If you have diabetes, drinking alcohol will cause your blood sugar to rise. Plus, alcohol has a lot of calories.
If you drink, do it occasionally and only when your diabetes and blood sugar level are well-controlled. If you are following a calorie-controlled meal plan, one drink of alcohol should be counted as two fat exchanges.
Who says that having diabetes means you can’t still whip up delicious, homemade food? When you know the basics of meal planning, you can make almost any recipe work.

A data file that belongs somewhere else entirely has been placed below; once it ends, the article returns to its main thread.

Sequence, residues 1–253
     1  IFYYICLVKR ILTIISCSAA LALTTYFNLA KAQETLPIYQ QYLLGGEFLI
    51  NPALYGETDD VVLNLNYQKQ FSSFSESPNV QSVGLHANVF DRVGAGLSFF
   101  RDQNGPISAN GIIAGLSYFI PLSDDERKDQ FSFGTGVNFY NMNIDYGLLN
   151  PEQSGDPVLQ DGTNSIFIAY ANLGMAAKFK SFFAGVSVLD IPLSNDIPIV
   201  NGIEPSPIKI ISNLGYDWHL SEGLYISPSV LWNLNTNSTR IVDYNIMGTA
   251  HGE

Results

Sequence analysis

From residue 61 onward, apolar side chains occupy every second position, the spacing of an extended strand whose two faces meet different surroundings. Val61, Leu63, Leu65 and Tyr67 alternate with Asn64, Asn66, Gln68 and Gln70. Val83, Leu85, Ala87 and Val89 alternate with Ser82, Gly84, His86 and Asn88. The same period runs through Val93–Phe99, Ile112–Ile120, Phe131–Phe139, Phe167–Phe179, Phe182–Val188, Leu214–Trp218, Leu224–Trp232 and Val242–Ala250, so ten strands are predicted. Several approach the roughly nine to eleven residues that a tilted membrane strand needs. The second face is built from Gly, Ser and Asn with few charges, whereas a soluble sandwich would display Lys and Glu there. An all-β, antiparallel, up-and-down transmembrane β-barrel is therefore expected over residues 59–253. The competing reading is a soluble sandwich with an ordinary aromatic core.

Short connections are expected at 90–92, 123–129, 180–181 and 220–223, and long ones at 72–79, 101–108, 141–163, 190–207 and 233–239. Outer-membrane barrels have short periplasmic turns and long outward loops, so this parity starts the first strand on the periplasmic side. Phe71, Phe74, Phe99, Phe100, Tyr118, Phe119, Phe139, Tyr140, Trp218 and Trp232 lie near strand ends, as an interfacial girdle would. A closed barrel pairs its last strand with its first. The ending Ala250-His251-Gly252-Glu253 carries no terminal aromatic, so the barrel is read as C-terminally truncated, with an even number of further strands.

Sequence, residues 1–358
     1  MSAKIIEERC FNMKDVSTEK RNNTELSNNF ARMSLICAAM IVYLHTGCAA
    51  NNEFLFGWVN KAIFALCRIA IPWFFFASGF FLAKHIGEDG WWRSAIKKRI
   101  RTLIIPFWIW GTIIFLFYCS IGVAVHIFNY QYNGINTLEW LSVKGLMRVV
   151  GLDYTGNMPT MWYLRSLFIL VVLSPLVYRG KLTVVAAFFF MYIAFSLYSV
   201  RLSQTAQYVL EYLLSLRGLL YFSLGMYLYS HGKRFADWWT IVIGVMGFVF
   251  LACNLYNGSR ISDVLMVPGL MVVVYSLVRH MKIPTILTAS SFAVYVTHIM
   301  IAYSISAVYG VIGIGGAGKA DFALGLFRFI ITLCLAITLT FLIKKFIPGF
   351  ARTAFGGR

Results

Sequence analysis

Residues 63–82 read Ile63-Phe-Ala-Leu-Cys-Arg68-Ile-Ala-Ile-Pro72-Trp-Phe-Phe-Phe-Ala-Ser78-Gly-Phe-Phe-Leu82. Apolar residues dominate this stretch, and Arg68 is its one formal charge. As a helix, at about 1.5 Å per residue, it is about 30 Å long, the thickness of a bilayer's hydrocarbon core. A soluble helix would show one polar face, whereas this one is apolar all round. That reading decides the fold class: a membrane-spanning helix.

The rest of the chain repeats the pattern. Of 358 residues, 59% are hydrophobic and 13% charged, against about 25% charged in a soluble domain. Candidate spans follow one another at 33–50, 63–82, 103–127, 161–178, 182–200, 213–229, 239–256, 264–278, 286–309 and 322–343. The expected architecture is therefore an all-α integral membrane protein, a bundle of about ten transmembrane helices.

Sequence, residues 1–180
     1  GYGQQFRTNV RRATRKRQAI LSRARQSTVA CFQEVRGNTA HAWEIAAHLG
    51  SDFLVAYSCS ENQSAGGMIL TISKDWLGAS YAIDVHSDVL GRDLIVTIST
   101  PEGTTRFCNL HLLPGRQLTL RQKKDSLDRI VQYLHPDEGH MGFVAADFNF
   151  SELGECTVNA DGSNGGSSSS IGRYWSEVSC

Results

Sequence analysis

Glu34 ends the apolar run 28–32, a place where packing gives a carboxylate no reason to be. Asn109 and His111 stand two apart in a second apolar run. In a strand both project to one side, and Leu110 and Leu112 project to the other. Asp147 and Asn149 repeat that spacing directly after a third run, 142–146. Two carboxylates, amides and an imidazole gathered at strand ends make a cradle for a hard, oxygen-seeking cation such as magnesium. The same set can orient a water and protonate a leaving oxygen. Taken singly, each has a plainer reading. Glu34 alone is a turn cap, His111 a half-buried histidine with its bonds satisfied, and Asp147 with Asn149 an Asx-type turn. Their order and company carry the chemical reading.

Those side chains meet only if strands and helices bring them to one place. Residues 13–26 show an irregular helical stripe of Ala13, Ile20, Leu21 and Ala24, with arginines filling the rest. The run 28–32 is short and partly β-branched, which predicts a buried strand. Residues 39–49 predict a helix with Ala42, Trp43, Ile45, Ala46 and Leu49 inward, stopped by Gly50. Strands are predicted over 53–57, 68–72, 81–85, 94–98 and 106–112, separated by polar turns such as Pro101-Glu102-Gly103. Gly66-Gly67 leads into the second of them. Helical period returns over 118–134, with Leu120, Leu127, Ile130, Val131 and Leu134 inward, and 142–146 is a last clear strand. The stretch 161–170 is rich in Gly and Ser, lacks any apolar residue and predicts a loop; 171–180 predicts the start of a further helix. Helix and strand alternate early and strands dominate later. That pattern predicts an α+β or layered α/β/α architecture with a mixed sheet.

So don’t throw out your cookbooks or toss your favorite recipes. Instead, take some tips about how to cook wisely.
People with diabetes who drink should follow these alcohol consumption guidelines:
Do not drink more than two drinks of alcohol in a one-day period if you are a man, or one drink if you are a woman. (Example: one alcoholic drink = 5-ounce glass of wine, 1 1/2-ounce "shot" of liquor or 12-ounce beer).
Drink alcohol only with food.
Avoid "sugary" mixed drinks, sweet wines, or cordials.
Mix liquor with water, club soda, or diet soft drinks.
Always wear a medical alert piece of jewelry that says you have diabetes.